While polypharmacy is common practice for cardiovascular problems, many of the drug cocktails that are being prescribed have little historical data about potential negative interactions.

Comments (0) + TrackBacks (0) | Category: Mental Health Issues

September 14, 2004

Curing Mental Illness -- The Decade of Translation

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Posted by Zack Lynch

This last Saturday at the Staglin Music Festival for Mental Health I had the opportunity to hear Dr. Thomas Insel share his new vision for the National Institute of Mental Health.

"Building on the Decade of the Brain, we are poised for a Decade of Translation, with new discoveries from genomics, neuroscience, and behavioral science leading to new, more effective treatments, and ultimately to the possibility of preventing and curing mental illness. Our priority setting, new funding strategies, and new organization are designed to optimize the translation of our best science to the service of those with mental and behavioral disorders."

As part of this new focus the NIMH has reorganized its research programs into five divisions (from three), effective October 1, 2004:

1. Division of Neuroscience and Basic Behavioral Science (DNBBS)
2. Division of Adult Translational Research and Treatment Development (DATR)
3. Division of Pediatric Translational Research and Treatment Development (DPTR)
4. Division of AIDS and Health and Behavior Research (DAHBR)
5. Division of Services and Intervention Research (DSIR)

These changes represent a shift from basic science, such as studies of emotional regulation or cognitive development, to new translational divisions to accelerate the development of tools to help patients.


Tom's talk was inspirational, informative and also a bit depressing. The direct and indirect cost of mental illness in the US easily surpasses $200B/year, yet the NIMH budget to create substantial change remains a drop in the bucket -- increasing from $1.3B to $1.4B this past year. That said, Tom's understanding of where neurotechnology is headed was definitely a breath of fresh air.

Comments (0) + TrackBacks (0) | Category: Brain Foundations

September 13, 2004

The Future of Neuroesthetics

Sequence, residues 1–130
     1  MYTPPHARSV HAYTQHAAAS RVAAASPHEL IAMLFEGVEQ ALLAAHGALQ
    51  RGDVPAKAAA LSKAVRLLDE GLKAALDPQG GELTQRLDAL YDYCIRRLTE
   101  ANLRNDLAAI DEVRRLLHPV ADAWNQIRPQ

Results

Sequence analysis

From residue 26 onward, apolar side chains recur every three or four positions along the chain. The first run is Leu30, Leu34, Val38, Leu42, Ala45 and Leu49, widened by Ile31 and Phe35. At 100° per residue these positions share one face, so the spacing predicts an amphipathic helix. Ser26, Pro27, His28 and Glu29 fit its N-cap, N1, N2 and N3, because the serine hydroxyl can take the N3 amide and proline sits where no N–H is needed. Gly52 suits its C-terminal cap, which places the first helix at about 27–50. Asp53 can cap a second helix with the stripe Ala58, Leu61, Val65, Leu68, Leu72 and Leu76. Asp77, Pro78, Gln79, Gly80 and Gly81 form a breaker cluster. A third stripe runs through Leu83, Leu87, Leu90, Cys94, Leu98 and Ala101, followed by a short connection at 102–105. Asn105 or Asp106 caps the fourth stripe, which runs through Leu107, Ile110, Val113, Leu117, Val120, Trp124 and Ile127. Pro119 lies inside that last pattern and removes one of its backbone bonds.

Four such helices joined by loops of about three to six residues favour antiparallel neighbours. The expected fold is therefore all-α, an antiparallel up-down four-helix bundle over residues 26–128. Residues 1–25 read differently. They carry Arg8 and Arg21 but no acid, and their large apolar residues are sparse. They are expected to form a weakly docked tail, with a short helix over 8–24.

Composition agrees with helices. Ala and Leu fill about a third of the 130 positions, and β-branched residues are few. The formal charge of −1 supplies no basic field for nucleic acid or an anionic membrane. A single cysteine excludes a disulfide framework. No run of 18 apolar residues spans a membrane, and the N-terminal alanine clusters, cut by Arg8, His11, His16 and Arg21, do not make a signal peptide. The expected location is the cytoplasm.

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Posted by Zack Lynch

Semir Zeki recently shared his vision of the future of neuroesthetics and how he hopes that it will help tackle humanity's most complex issues like the neural basis of religious belief and the relation between morality, jurisprudence and brain function. "Like art, these play a critical role in our lives and are also subject to the quality of variability that is at the heart of our civilization."

Closer to home, neuroesthetics will impact fields such as architecture where concepts like the golden section, which is common in classical architectures, might have a deep neurobiological basis that could help us design environments and buildings that soothe the mind.

As Virginia Postrel pointed out recently, hospitals don't have to be ugly. Perhaps we could even make movies more entertaining.

Comments (3) | Category: Neuroesthetics

September 8, 2004

Show Us the Data...Your Life Depends on It Too

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Posted by Zack Lynch

The NYTimes reports today that the editors of several major medical journals, including The Journal of the American Medical Association, The New England Journal of Medicine, The Lancet and The Annals of Internal Medicine "are expected to begin requiring that drug trials be registered at the outset as a prerequisite for the subsequent publication of their results. Requiring such registration as a condition for reaching the journals' vast audience of doctors would make it difficult for drug companies to hide the results of unflattering tests - as some have been accused of doing."

Experts have long criticized the tendency in the industry to publish only positive clinical trials, arguing that this distorts medical practice and undermines the scientific process. Indeed, we cannot practice evidence based medicine unless we have access to all the evidence. Withholding such data is disingenuous at least, and more likely dangerous to patient care.

For more insight on this topic check out pharmaceutical blogger, Derek Lowe who has been covering this issue over the past year with a particular focus on Paxil and placebos. I recommend his column if you haven't read it recently.

Comments (0) + TrackBacks (0) | Category: Mental Health Issues

September 7, 2004

Neuroinformatics - An Enormous Market

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Posted by Zack Lynch